In case you were a bit busy this week and didn’t have time to examine the 822 pages of the Energy Independence and Security Act of 2007, it is a big deal. And in particular, it is a big deal for biofuels.
The numbers speak for themselves. The legislation, which was signed by President Bush on Wednesday, creates an enormously ambitious Renewable Fuel Standard (RFS) that mandates the production of 36 billion gallons of renewable fuels by 2022; included in that is 21 billion gallons of advanced biofuels (most of which will be cellulosic biofuels). At such levels, biofuels will account for more than 20 percent of total road-transportation fuels in the United States by 2022. To give a sense of the ambition of such a mandate, it is worth noting that total biofuel production in 2007 was only 4.7 billion gallons, and almost all of that was corn-derived ethanol. There is still no commercial production of cellulosic ethanol.
The biofuel industry is, of course, thrilled. Bio, the biotechnology trade association that counts among its members numerous companies involved in various aspects of biofuels, predicts that the new mandates will mean nearly 300 new biofuel plants, including 75 new corn ethanol plants and 210 new cellulosic ethanol plants. Bio estimates that the RFS could mean $170 billion invested in advanced technology development, biofuel production, and new infrastructure to handle biofuels.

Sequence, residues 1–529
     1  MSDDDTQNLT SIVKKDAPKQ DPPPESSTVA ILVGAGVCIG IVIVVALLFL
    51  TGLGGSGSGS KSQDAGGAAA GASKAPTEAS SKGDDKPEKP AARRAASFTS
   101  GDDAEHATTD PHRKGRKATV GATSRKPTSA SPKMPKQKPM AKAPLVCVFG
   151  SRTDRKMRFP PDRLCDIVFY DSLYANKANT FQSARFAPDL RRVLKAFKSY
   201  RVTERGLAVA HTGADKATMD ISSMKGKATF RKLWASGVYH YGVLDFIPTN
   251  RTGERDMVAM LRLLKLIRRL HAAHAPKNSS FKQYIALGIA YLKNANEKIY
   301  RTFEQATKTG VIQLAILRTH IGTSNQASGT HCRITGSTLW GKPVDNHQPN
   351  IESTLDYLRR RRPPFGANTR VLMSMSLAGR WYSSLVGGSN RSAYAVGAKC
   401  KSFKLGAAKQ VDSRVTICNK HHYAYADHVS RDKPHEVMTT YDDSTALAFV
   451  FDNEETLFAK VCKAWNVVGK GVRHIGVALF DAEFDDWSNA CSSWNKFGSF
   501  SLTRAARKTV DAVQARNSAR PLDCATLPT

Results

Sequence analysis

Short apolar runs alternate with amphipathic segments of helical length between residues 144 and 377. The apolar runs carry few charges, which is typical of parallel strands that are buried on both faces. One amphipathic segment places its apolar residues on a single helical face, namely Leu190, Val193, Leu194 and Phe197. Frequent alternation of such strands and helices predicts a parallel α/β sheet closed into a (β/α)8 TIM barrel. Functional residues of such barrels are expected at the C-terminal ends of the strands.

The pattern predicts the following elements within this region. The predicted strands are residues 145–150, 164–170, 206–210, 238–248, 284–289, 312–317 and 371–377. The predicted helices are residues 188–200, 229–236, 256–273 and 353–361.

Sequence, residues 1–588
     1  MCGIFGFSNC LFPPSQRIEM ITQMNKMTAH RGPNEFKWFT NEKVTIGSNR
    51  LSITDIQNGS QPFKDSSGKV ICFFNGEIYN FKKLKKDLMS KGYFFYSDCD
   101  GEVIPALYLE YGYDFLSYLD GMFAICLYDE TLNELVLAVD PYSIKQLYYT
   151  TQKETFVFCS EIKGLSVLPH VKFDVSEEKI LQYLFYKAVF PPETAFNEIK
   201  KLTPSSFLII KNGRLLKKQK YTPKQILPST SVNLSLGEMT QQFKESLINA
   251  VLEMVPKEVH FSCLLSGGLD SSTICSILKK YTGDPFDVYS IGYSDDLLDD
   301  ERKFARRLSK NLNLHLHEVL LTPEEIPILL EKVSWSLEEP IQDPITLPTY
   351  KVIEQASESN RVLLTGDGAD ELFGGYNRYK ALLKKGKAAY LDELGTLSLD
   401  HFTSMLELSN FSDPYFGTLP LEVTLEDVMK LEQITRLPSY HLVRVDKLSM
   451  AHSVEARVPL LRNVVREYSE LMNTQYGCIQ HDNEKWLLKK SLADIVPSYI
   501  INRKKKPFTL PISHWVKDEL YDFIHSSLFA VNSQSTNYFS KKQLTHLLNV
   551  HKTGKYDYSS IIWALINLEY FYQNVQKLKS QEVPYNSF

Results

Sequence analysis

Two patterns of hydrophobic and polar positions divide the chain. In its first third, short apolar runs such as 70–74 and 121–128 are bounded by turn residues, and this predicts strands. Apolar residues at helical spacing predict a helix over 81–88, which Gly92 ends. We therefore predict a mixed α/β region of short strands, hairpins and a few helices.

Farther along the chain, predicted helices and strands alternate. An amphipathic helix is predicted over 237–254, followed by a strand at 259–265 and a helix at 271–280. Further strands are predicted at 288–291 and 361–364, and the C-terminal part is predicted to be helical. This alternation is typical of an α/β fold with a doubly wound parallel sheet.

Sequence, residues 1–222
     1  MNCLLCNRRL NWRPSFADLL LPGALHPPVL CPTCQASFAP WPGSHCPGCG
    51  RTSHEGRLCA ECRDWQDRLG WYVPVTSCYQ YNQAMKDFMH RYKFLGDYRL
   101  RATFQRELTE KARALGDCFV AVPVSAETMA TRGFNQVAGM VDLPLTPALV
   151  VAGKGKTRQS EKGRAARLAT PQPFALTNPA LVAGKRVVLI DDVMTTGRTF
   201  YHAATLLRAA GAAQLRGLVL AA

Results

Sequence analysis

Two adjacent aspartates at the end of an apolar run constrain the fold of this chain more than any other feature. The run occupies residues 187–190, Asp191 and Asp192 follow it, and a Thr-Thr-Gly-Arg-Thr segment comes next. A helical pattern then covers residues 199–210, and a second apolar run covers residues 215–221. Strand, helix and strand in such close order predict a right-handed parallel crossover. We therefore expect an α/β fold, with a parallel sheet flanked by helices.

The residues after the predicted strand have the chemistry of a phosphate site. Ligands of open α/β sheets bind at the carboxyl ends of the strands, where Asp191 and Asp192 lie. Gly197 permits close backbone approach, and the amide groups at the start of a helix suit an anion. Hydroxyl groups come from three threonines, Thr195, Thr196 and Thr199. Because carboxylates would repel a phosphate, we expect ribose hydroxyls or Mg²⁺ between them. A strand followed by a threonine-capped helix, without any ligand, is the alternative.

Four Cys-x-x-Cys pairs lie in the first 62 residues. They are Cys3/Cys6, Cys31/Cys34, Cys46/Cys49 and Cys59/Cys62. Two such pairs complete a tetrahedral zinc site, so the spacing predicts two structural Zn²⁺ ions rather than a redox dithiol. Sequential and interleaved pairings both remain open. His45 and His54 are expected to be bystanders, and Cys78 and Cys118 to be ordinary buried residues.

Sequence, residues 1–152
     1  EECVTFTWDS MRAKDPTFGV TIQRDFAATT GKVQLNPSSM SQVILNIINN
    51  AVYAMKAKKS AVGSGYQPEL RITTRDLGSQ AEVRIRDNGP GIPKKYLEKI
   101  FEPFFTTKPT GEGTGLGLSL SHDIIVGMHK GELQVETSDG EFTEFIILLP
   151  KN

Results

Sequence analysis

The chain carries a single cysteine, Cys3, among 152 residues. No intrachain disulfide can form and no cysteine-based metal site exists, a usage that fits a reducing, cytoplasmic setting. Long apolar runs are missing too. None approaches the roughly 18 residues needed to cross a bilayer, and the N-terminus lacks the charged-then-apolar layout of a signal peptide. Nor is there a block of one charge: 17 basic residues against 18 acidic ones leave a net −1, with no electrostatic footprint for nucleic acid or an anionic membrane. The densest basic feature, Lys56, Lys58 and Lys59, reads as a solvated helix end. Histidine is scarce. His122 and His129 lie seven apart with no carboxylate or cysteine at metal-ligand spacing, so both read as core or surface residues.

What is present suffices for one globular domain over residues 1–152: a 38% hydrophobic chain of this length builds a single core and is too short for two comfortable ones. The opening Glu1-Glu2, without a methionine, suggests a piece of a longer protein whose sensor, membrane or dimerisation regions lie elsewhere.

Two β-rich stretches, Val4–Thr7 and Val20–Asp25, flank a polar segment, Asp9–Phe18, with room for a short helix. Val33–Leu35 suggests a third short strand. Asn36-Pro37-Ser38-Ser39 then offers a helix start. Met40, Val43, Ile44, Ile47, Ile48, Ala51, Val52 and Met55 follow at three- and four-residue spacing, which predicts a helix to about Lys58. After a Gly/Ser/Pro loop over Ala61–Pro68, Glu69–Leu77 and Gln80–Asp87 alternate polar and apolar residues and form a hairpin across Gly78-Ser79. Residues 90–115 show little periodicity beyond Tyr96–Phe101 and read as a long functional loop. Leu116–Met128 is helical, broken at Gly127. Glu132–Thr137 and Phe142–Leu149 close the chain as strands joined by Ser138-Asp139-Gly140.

Overall, the federal mandate for biofuels appears to be a good thing. It will finally give industry and academic researchers confidence that biofuels are really going to play an important role in the country’s energy future. But it is worth keeping in mind that there are still huge technology challenges in ramping up production of advanced biofuels. Achieving the ambitious standards of the new energy law will require an equally ambitious effort in researching and developing advanced biofuel technologies. (See “The Price of Biofuels.”)